GST-pulldown assay

In this assay, two sets of four samples were made that contained GST, GST-Domain 4, GST +CMG2, and GST-Domain 4 + CMG2. One set would be used for the pH 8 study, the other for pH 5. A solution of 80 μM GST or GST-Domain 4 in 20 mM Tris pH 8 (31 μL) was combined with 43.6 μM CMG2 in PBS pH 7.4 or a similar amount of PBS (36 μL). After the addition of 1 μL of 0.1 M MgCl2, the solutions (68 μL) were allowed to incubate on ice overnight. To this, 57 μL of 0.5 M Bis-Tris/Hepes/cacodylic acid at pH 8 was added along with 1 μL of 0.1 M MgCl2 to one set of four samples, to the other set 57 μL of 0.5 M Bis-Tris/Hepes/cacodylic acid at pH 5 and 1μL of 0.1 M MgCl2. These solutions (125 μL) were allowed to incubate on ice for 1 h. Next, 50 μL of glutathione sepharose resin (GE-Healthcare) in PBS pH 7.4, 2 mM MgCl2 was added to each solution and incubated for 30 min on ice. The solutions with resin were centrifuged (Eppendorf) and the supernatant was removed. The resin was washed two times with 150 μL of 50 mM each of Bis-Tris/Hepes/cacodylic acid (pH 8 or 5), 1 mM MgCl2. The resin was resuspended in SDS sample buffer, boiled for 5 min, and 24 μL was loaded into a 4–20% SDS-PAGE gel (Bio-Rad), and run at a constant 200 V for 30 min.

Fluorescence

Excitation and emission spectra of domain 4 (1.0 μM) were recorded on a Cary Eclipse spectrofluorimeter at 20°C in 10 mM each of Bis-Tris/HEPES/cacodylic acid pH 8 or 5. The emission spectrum was recorded with an excitation wavelength of 277 nm, whereas the excitation spectrum was recorded with an emission wavelength of 305 nm. For the pH titration, two separate solutions of domain 4 (20 μM) in 10 mM Bis-Tris/HEPES/cacodylic acid and citric acid buffer solutions, incubated overnight at 4°C at pH 2 or 8, were added (50 μL) to buffers (950 μL of 10 mM Bis-Tris/HEPES/cacodylic acid and citric acid) spanning the pH range from 2 to 8. The final pH values were determined using an Orion ROSS semimicro pH probe connected to a Fisher AR20 pH meter. Emission spectra were recorded at 20°C with an excitation of 277 nm, and the peak intensity at 305 was plotted as a function of pH. Data were fit according to the Henderson-Hasselbalch equation assuming a two-state protonation equilibrium.34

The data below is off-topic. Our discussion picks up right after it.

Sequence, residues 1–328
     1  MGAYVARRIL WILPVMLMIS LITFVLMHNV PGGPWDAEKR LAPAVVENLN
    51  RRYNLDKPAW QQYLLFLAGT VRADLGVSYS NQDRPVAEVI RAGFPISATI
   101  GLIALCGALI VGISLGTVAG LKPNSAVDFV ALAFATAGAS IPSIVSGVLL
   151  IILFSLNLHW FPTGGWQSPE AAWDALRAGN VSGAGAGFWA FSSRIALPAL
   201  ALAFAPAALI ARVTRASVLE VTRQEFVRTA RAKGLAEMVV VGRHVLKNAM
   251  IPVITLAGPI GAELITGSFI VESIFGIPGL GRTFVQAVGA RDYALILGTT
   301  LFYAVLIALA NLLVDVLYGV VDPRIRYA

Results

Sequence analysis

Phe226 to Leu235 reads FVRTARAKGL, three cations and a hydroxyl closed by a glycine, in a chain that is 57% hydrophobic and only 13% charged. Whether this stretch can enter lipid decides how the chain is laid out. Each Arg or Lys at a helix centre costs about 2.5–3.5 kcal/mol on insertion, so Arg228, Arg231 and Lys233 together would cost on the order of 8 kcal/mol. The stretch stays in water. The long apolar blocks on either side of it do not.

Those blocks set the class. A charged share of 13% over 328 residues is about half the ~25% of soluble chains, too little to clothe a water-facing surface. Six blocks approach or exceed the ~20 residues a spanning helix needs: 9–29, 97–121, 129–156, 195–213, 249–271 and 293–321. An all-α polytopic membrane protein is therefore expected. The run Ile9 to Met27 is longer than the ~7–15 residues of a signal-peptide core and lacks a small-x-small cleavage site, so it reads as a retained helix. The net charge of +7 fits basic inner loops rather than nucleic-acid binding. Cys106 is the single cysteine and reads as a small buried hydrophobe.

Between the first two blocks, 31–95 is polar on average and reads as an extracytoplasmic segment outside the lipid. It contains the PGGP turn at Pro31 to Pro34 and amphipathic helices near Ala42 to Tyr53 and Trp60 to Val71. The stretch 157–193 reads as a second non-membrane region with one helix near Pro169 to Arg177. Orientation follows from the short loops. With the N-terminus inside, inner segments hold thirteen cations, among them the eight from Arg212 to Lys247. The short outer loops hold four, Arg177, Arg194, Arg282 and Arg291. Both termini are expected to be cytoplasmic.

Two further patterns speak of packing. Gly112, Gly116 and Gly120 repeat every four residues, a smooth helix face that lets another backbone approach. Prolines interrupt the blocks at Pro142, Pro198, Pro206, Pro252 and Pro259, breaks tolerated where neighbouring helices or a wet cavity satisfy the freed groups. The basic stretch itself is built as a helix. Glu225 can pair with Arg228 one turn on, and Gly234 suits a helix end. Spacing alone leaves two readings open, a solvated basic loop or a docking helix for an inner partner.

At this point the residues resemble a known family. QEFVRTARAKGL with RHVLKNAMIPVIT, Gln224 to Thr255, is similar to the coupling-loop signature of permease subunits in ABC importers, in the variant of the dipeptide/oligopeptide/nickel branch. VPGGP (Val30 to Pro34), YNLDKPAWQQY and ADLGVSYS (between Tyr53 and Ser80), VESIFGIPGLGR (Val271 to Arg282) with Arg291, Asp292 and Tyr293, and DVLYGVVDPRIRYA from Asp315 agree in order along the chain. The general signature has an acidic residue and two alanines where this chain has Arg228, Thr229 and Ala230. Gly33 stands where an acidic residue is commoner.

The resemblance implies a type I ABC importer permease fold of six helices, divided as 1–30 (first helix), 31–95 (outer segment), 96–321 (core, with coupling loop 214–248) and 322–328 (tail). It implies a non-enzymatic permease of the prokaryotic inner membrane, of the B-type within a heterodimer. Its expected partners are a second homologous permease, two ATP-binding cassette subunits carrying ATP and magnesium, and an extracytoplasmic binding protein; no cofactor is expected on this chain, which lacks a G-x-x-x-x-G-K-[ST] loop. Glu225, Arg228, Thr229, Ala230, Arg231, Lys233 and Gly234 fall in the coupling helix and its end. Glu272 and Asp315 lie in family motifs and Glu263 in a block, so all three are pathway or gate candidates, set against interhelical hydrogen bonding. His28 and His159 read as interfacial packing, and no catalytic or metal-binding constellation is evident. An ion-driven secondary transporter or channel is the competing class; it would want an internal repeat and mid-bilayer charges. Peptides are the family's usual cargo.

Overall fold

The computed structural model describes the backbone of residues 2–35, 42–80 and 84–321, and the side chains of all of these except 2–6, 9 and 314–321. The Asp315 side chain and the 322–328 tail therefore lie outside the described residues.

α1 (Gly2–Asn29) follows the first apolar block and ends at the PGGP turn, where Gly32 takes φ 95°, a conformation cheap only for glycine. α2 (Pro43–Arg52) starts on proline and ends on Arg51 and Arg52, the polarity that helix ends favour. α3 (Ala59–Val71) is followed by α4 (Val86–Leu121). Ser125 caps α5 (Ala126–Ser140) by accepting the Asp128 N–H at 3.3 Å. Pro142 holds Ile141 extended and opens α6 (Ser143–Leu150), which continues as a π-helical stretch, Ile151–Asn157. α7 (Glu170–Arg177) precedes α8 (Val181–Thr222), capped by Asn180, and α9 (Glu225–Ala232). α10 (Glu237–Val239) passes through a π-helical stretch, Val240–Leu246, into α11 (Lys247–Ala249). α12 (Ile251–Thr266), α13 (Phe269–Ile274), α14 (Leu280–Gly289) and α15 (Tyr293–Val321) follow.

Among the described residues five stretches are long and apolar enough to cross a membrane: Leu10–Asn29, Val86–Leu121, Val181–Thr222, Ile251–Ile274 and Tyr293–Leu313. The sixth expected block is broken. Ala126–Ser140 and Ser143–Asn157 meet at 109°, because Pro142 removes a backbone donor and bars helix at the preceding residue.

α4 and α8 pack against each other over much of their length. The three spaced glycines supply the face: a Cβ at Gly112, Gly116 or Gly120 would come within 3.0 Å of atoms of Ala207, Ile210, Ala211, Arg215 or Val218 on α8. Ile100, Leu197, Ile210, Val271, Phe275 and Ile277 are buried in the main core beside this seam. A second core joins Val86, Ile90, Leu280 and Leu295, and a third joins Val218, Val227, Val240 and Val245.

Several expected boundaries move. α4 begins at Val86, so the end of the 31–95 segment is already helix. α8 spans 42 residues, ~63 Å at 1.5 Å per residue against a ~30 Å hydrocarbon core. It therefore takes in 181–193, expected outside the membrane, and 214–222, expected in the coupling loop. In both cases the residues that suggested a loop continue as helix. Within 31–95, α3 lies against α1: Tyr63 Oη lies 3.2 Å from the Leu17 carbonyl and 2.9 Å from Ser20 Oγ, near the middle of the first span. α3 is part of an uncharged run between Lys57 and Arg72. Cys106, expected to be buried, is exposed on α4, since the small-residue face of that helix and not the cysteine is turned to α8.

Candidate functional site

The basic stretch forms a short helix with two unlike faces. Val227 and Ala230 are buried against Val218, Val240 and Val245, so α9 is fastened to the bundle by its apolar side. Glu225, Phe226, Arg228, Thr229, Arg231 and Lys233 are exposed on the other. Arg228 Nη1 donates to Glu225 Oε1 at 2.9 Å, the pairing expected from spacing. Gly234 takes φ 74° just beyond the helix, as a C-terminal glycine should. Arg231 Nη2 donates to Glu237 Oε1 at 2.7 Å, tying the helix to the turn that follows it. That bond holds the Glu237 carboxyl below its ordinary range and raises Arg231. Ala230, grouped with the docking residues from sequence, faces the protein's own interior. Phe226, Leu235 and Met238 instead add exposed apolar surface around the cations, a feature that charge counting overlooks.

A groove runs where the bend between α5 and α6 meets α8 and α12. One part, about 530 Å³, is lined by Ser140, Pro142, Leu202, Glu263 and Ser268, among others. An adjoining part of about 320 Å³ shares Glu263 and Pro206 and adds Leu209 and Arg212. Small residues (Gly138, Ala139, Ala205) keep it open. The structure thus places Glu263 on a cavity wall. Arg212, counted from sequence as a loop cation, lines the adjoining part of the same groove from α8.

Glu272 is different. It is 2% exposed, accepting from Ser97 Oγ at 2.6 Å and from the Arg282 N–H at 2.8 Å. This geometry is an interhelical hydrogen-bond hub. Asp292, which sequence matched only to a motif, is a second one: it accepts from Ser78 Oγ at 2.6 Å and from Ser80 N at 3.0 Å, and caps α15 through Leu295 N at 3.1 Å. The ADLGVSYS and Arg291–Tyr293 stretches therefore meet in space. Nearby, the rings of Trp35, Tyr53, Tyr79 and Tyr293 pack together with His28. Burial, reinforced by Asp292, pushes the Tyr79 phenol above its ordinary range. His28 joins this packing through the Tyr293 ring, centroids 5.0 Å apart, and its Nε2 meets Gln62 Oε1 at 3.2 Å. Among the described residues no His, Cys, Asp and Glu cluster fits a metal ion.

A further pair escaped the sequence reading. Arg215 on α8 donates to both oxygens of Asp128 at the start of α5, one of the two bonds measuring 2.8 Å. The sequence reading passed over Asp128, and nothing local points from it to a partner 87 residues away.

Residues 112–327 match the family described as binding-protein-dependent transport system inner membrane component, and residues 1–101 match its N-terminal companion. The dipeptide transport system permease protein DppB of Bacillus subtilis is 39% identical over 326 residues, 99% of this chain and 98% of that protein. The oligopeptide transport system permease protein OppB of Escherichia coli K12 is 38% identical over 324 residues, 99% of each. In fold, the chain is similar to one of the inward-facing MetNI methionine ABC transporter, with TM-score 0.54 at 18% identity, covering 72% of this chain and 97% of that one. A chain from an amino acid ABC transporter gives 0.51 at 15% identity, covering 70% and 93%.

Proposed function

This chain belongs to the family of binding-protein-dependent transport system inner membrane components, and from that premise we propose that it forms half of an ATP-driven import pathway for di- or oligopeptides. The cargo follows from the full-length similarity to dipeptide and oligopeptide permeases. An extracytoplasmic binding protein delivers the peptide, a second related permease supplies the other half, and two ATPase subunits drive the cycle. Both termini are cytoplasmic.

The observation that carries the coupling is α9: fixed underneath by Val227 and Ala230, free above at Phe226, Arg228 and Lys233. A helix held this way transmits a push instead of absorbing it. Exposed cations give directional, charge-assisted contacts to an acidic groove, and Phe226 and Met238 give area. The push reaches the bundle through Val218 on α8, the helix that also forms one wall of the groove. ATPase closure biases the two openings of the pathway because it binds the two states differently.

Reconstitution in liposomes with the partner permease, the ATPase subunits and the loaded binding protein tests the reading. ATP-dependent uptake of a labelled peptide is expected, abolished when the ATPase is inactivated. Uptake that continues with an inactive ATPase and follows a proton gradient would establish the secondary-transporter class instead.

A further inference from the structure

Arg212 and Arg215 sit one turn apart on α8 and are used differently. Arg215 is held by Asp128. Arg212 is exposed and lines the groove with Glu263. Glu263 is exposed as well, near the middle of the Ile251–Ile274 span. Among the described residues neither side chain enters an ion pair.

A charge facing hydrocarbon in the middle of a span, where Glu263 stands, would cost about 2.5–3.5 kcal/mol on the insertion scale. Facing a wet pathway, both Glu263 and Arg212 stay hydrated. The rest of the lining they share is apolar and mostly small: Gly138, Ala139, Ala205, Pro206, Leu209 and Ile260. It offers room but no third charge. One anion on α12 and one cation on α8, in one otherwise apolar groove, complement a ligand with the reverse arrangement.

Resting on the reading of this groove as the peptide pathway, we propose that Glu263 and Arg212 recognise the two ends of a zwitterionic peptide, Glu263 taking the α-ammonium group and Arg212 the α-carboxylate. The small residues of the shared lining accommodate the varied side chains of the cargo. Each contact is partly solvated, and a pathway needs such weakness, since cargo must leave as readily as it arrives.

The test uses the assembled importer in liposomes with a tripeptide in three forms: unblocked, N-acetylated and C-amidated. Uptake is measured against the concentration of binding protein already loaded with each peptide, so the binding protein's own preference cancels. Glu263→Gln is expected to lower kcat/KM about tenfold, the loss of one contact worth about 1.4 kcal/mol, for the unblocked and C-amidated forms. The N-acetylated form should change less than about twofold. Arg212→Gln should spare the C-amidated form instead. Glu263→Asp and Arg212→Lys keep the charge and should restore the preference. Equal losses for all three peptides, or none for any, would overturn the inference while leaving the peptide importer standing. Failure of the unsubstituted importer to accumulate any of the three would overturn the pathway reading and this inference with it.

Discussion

Far UV CD

Circular dichroism measurements were carried out using a Jasco-J810 spectropolarimeter. Spectra of domain 4 (12.1 μM) in 5 mM each of Bis-Tris/Hepes/cacodylic acid at pH 8 or 5, 67 mM NaCl were recorded between 180 and 260 nm in a 0.5 mm thermostatted cylindrical cell at 5°C for eight accumulations at a scan speed of 10 nm min−1 and a response time of 4 s. For variable temperature experiments, the molar ellipticity was monitored at 201 nm with a response time of 16 s, and temperature adjusted from 5 to 60°C and back from 60 to 5°C using a Julabo F25/HD circulating water bath. The temperature gradient was set at 1°C min−1, and monitored continuously using an in-line thermistor placed near the CD cell. Spectra were taken at 5, 33, and 60°C for both the increase and decrease in temperature, and five accumulations were acquired with a scan speed of 20 nm min−1 and a response of 2 s.

Inset far UV CD variable temperature